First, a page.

Dr. Opher Etzion
Where event processing is going in 2020, and how it will make the world proactive?
Kolloquium Angewandte Informatik
While event processing is considered as an emerging technology in enterprise computing, it barely scratched the surface of its potential. This talk will describe our vision for the next generation of event processing in where it is used everywhere, consumed by everybody (enterprises as well as consumers) and used for reactive as well as proactive purposes. These topics reflect some of the areas in which the event processing activities within IBM Research deal with.
The presentation starts with the vision of event processing of the future and its associated research challenges and surveys three related research projects we are doing in IBM Haifa Research Lab.
Proactive applications: The processing of events enabled the shift from responsive mode (the system responds to the user's request) to reactive mode (the system reacts to detected events), proactive applications enable the next phase of this evolution: the computerized system predicts that it will get to undesired state, and should get automatic decision of how best to re-plan it actions before this undesired state actually happens. In the presentation the proactive notion with multiple examples and give an overview of our architecture and solution
Specifying applications correctness: Higher level languages and Graphical user interfaces make it easy to develop applications, however event processing adds the time dimension to application, where temporal properties of events and orders of execution can generate results that are not consistent with the users' intuition. Ensuring correctness as part of the application specification is a major challenge and can reduce the conceptual gap between non-technical users and the ability to develop event processing applications. In the presentation we illustrate some correctness issues and explain possible solutions.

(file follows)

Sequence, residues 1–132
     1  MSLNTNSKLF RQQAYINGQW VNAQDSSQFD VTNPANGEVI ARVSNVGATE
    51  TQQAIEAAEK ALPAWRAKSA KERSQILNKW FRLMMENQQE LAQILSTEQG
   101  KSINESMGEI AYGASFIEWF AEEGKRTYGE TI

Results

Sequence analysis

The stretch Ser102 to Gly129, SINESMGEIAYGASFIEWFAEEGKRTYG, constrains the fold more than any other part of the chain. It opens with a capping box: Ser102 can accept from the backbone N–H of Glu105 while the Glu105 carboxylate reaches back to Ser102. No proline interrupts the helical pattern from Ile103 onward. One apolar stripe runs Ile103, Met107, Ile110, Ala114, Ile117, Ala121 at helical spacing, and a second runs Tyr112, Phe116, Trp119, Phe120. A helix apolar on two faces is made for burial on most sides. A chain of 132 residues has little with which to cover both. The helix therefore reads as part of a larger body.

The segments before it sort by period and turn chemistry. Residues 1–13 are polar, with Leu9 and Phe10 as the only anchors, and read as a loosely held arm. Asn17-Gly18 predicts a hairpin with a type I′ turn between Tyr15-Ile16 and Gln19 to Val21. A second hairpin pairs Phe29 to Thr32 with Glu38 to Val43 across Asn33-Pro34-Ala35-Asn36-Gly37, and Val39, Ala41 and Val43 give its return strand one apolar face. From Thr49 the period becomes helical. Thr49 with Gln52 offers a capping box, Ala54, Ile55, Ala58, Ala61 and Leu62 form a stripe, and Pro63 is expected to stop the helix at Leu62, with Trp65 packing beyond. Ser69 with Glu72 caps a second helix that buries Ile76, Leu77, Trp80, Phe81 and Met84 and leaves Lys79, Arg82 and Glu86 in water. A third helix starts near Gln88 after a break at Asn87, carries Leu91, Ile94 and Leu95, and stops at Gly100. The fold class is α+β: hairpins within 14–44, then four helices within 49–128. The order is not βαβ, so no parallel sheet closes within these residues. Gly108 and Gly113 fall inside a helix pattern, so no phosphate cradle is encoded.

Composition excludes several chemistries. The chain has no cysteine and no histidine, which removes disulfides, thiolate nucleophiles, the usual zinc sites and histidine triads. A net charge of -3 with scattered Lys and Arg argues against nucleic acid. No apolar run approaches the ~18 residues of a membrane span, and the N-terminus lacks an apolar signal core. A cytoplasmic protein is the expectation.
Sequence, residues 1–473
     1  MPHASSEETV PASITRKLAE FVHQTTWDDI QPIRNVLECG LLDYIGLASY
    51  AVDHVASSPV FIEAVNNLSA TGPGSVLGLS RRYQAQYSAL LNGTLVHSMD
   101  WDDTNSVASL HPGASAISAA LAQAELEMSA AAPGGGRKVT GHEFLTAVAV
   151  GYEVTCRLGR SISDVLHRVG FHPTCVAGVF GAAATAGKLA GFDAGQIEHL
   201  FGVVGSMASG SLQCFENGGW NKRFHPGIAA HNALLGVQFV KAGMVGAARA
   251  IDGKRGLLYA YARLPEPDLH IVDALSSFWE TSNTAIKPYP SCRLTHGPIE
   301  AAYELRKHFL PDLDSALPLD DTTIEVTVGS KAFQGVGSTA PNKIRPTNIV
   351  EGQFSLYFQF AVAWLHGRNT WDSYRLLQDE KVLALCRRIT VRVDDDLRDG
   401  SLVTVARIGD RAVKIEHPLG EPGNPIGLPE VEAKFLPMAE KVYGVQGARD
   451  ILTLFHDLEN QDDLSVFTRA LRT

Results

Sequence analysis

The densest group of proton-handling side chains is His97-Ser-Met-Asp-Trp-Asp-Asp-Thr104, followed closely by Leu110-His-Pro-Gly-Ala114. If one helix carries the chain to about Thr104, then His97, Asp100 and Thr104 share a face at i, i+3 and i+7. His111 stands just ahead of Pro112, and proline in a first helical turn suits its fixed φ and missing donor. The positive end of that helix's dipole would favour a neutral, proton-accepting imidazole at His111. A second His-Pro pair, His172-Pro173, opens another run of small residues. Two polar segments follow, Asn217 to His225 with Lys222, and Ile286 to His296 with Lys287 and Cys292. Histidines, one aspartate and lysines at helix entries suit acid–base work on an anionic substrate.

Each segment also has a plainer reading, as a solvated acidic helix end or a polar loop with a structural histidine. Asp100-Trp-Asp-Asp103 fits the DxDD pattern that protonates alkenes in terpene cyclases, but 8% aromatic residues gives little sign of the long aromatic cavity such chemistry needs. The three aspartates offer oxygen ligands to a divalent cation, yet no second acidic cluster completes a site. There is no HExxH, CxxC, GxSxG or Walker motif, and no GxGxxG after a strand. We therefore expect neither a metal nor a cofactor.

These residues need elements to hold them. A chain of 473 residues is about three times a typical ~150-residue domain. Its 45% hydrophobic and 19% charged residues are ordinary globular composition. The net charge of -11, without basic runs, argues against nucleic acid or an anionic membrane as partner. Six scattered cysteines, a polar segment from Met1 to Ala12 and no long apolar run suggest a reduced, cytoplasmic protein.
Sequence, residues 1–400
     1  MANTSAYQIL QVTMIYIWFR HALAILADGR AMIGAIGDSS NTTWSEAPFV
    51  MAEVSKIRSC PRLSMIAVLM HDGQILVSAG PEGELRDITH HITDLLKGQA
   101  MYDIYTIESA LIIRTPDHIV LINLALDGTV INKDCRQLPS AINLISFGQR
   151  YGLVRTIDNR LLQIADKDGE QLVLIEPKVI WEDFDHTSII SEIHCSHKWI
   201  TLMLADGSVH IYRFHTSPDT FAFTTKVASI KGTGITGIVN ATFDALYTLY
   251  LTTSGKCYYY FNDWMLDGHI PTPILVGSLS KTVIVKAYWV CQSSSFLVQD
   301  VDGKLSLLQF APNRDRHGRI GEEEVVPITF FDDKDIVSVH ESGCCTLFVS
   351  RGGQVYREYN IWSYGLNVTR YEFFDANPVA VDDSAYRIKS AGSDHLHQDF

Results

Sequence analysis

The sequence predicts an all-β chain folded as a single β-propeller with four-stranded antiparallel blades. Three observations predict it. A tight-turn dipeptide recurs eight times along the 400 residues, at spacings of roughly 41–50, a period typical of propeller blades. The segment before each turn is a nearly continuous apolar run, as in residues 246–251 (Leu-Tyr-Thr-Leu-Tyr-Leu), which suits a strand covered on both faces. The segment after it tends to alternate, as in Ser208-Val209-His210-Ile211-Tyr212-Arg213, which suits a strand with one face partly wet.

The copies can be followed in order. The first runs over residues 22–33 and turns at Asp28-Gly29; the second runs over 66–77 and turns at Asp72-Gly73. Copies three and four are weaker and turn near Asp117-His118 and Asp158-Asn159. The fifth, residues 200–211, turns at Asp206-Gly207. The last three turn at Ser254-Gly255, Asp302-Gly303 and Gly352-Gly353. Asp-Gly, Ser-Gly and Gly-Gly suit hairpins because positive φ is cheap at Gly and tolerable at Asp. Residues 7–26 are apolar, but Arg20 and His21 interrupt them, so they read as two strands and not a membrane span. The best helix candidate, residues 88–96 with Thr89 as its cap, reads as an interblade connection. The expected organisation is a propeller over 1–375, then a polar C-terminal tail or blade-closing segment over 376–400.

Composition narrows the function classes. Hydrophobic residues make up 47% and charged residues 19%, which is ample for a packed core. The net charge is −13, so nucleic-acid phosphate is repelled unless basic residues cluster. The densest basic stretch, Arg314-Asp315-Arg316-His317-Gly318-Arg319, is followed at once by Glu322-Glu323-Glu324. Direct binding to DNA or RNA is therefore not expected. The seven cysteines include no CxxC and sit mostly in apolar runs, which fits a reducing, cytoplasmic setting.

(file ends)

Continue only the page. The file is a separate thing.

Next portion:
Optimization of event processing networks: Survey of current work on optimizations of event processing networks including black-box and white-box optimizations. We'll describe in detail recent work that deals with optimization of complex event patterns using pattern rewriting techniques.
(Dr. Opher Etzion)
Start: 09. November 2011 um 14:00
Ende: 09. November 2011 um 15:00
Im Gebäude 11.40, Raum: 253
Veranstaltung vormerken: (iCal)